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I would like to know how could I do on this case, and if anyone can help me I will really appreciate it!

I use a DB for register and roles user, etc. I also use another DB for all the data for one user. I only have one DB for all user but I have for each user one DB for his data. When I create a user I inser data on the UserDB and also to the UserData. I am using membership api for the registering.

I want to know how could I use transaction to check that all data was insert correctly(the first time a user is created).

For example:

I register a user(create a a row for each table on my UserDB). I crate a Data data base for that user with primary info at one table of his Data DB.

How could I rollback transaction if I could insert on Data DB?

  • use a distributed transaction (DTC must be turned on). If same server, DTC probably won't be required, just BEGIN a Transaction... – Mitch Wheat Apr 22 '13 at 8:54
  • I think you can find this answer useful: you can manage a transaction on multiple servers. – misleadingTitle Apr 22 '13 at 8:54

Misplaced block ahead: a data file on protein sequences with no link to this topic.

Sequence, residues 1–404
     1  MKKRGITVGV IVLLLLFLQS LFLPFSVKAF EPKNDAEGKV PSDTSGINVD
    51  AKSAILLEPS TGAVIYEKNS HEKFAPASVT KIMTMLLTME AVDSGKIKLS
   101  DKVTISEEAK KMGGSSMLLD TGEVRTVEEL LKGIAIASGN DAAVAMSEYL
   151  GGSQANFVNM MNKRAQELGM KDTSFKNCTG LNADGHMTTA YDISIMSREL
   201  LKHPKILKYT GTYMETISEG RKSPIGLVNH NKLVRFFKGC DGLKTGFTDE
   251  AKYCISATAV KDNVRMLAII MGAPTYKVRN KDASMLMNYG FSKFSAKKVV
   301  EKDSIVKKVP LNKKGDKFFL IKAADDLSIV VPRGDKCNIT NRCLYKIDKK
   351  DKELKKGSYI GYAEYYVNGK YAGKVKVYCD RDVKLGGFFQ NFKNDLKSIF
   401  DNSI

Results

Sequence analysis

• I cant use distributed transaction because I use merbership api. – user2112420 Apr 22 '13 at 9:16
  • What is DTC by the way? – user2112420 Apr 22 '13 at 9:21
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As noted by others in comments, you will need to do use a distributed transaction to ensure both database transactions are conducted under a single Unit of Work (or even if updating the same database, because Membership will use its own connection, DTC is still needed). By wrapping both your calls to the ASP Net Membership API and to your other database connection (e.g. Linq2SQL or Entity Framework) under a System.Transactions.TransactionScope, you can ensure that your updates are ACID.

Note that you'll need to have MS DTC running and configured on your app server and both database servers.

Below is an example:

using (var ts = new TransactionScope())
{
    // Update Membership user   
    MembershipUser currentUser = Membership.GetUser(someUserId);    
    currentUser.Comment = "HairColor is changing";
    Membership.UpdateUser(currentUser);

    // Update equivalent record in other database (assumed EF Context and Same Primary Key)
    var otherUser = _db.OtherUserTable.Where(ut => ut.UserId == someUserId)
                                      .FirstOrDefault();
    otherUser.HairColor = "Orange";
    _db.SaveChanges();

    // Commit  
    ts.Complete();
}

One caveat with TransactionScope to note is that the default isolation level is Read Serializable, which can be overkill in many situations - Read Committed is usually sufficient for most cases. See here for more: Why is System.Transactions TransactionScope default Isolationlevel Serializable.

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